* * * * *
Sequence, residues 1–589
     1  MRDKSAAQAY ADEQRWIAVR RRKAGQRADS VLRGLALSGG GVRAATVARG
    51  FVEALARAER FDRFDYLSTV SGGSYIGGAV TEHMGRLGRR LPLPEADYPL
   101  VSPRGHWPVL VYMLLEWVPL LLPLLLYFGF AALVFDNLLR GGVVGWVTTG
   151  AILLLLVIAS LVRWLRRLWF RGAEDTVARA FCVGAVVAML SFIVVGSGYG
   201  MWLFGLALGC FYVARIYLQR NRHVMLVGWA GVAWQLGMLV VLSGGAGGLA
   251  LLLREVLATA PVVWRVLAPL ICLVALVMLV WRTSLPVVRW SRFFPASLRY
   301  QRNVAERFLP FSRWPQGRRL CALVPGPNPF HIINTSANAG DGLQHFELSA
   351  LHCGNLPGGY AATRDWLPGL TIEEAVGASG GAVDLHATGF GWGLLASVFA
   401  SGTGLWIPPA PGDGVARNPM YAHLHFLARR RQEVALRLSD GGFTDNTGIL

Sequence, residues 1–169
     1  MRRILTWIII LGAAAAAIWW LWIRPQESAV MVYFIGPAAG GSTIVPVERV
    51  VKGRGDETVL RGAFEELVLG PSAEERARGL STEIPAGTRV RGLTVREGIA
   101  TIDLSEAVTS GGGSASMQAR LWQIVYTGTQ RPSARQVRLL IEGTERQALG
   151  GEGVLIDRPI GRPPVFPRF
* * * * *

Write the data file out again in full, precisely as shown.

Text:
Sequence, residues 1–589
     1  MRDKSAAQAY ADEQRWIAVR RRKAGQRADS VLRGLALSGG GVRAATVARG
    51  FVEALARAER FDRFDYLSTV SGGSYIGGAV TEHMGRLGRR LPLPEADYPL
   101  VSPRGHWPVL VYMLLEWVPL LLPLLLYFGF AALVFDNLLR GGVVGWVTTG
   151  AILLLLVIAS LVRWLRRLWF RGAEDTVARA FCVGAVVAML SFIVVGSGYG
   201  MWLFGLALGC FYVARIYLQR NRHVMLVGWA GVAWQLGMLV VLSGGAGGLA
   251  LLLREVLATA PVVWRVLAPL ICLVALVMLV WRTSLPVVRW SRFFPASLRY
   301  QRNVAERFLP FSRWPQGRRL CALVPGPNPF HIINTSANAG DGLQHFELSA
   351  LHCGNLPGGY AATRDWLPGL TIEEAVGASG GAVDLHATGF GWGLLASVFA
   401  SGTGLWIPPA PGDGVARNPM YAHLHFLARR RQEVALRLSD GGFTDNTGIL

Sequence, residues 1–169
     1  MRRILTWIII LGAAAAAIWW LWIRPQESAV MVYFIGPAAG GSTIVPVERV
    51  VKGRGDETVL RGAFEELVLG PSAEERARGL STEIPAGTRV RGLTVREGIA
   101  TIDLSEAVTS GGGSASMQAR LWQIVYTGTQ RPSARQVRLL IEGTERQALG
   151  GEGVLIDRPI GRPPVFPRF